My Gran, Mum and sister are all terrible travellers – I’m not too bad except for in boats. I should have learned my lesson by now! Saw some lovely mackerel in Choitrams today and such a reasonable price too.

  2. September 19, 2011 10:40 am

    Baked mackerel sounds lovely.

    • September 19, 2011 2:11 pm

      Worth a try Baker Street:)

  3. Anna permalink
    September 19, 2011 10:57 am

    Ha ha, ginger tablets! the gisrls told me how green you looked! Did someone gut the fish for you, or did you do it yourself? I have vague memories of the teacher at school demonstrating how to gut and fillet a whole fish for fish pie…how times have changed!

    • September 19, 2011 2:04 pm

      I left the tablets in Uk for you but now you know they don’t work they won’t even have a placebo effect! The crew gutted the fish and sadly I couldn’t even raise my head to watch this (otherwise there would’ve been photographic evidence!).

  4. September 19, 2011 10:59 am

    What an informative write-up, and I’m loving the fish photography, especially that first pic! (FBC2011 just added a new flavor to your photography ;)!)

    You know, I always get confused about what fish you’re meant to grill vs. fry vs. smoke, etc…is there an easy way to figure it out, or is it just something you learn fish by fish?

    • September 19, 2011 2:09 pm

      Glad you like the first pic but quite a miracle really as is was taken on a swaying craft and I forced myself to go over, hurriedly pressed the shutter, before resuming the ‘heaving’ position! I agree with you that knowing what to do with fish is confusing and I think it’s something you learn through practise. I am confident with the common English varieties but am at a loss when it comes to the more obscure fish from this region. I have resolved to learn a lot more motivated especially by a brilliant book I am reading called In at the Deep End (cooking fish Venice to Tokyo) by Jake Tilson who tried to overcome his fear of fish (literal fear) by cooking his way round the world. Fascintating stuff.

  5. September 19, 2011 11:01 am

    Fabulously informative post- thank you. We love fresh mackerel but have never thought of the diy approach. Sounds a wonderful family experience. Great, simple recipe to showcase this beautiful & uber nutritious fish, too. Gorgeous 😀

    • September 19, 2011 2:10 pm

      I would recommend catching it yourself if only for the beautiful colours of the fish which fade quickly and have almost disappeared by the time they hit the shops. Mackerel needs to be uber fresh and this guarantees it. Thanks for you nice comment.

  6. September 19, 2011 12:36 pm

    Five mackerel! Well done all of you. Sounds like a fun day out. What a busy time you had over in England!

    • September 19, 2011 2:11 pm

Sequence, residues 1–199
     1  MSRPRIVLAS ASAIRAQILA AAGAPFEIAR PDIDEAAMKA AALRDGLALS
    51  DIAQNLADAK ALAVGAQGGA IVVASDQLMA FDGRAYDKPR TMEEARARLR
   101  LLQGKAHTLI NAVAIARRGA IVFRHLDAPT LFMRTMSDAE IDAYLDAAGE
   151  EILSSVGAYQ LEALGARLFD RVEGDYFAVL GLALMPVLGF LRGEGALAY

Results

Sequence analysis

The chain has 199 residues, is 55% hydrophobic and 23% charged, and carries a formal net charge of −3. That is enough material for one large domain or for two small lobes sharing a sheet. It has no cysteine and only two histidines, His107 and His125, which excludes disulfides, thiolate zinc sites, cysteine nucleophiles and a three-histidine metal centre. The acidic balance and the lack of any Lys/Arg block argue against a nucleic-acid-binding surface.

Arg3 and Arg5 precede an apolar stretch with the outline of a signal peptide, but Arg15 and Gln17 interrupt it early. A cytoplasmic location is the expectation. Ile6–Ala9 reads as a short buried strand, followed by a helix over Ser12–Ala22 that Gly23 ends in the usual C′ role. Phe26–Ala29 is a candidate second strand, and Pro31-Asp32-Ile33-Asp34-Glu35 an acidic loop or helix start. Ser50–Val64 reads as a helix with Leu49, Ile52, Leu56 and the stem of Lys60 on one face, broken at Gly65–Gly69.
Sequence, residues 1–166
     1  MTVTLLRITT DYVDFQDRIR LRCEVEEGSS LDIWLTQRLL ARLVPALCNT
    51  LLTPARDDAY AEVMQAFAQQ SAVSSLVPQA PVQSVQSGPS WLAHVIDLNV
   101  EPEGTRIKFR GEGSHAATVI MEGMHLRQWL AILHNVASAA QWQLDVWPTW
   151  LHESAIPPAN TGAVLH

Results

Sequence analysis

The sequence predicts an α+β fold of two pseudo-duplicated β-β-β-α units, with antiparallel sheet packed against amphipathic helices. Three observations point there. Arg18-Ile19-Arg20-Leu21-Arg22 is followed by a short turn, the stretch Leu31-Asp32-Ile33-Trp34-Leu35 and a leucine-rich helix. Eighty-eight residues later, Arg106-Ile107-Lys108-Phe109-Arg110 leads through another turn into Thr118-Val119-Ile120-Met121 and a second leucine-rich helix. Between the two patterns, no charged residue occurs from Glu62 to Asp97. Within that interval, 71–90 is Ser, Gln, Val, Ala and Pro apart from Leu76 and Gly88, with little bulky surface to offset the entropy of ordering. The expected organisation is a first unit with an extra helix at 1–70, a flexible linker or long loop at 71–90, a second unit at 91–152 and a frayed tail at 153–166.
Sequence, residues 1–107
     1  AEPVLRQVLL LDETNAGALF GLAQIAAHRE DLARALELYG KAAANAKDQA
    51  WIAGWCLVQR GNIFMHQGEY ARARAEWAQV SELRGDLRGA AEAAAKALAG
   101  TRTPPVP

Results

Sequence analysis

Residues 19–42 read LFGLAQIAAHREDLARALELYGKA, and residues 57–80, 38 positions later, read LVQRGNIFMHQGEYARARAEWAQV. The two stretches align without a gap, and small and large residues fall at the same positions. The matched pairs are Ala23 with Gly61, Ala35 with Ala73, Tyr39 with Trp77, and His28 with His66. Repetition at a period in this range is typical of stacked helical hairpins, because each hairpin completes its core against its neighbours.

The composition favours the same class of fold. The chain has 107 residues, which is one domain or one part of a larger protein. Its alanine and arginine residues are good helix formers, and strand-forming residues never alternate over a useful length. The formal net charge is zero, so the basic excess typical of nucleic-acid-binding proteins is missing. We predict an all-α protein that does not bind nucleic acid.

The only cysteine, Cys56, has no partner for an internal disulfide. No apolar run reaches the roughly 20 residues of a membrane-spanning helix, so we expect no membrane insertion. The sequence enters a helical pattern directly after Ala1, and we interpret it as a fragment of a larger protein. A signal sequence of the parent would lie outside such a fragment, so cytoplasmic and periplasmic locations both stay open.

Yes Ren, so busy that I’m writing it up now rather than in UK!

  7. September 20, 2011 12:39 am

    I am not big on fish but mackerel always looks so beautiful, especially contrasted against that back bucket. I would have thrown up on the that little boat for sure, I am rubbish on the sea.

  8. September 20, 2011 9:39 am

    Hi Sally
    Really enjoyed the blog, great idea to take the family fishing I totally agree the disassociation the origin of what goes into the general publics mouths is incredible. I also am amazed at the lack of knowledge People have with fish, with the biggest reason for not eating it being “they don’t like bones” aargh !!! When I get time I’m going get some vids done showing you can remove them!.
    Any way I have loads of recipes on. My site and wondered if I could add yours? I would obviously credit to yourself.
    Have fun steve.

    • September 21, 2011 8:03 am

      Fish can we pretty daunting Steve, especially living in a foreign country with different names for everything. I hated the bones when I was a child but someone taught me the best way to remove them and I was up and running. Videos sound like a really good idea. Fishmongers like yourself play a really important part here. I hope you are supporting Hugh’s Fish Fight!

  9. September 20, 2011 10:30 am

    I so love going fishing, and eating what I catch! I love mackerel as well and hope to get some fresh again soon as your recipe has inspired me 🙂

    • September 21, 2011 8:01 am

      So glad Tandy. Wish I had your constitution though.

  10. September 20, 2011 11:45 pm

    We eat a lot of seafood, but one thing we don’t do is fish! Thanks for taking us out with you, Sally!

    • September 21, 2011 1:06 am

      You do EVERYTHING else though Celia 🙂

  11. Keith Gebert permalink
    October 21, 2011 3:42 am

    Generally I don’t read article on blogs, however I would like to say that this write-up very compelled me to take a look at and do it! Your writing style has been amazed me. Thank you, very nice post.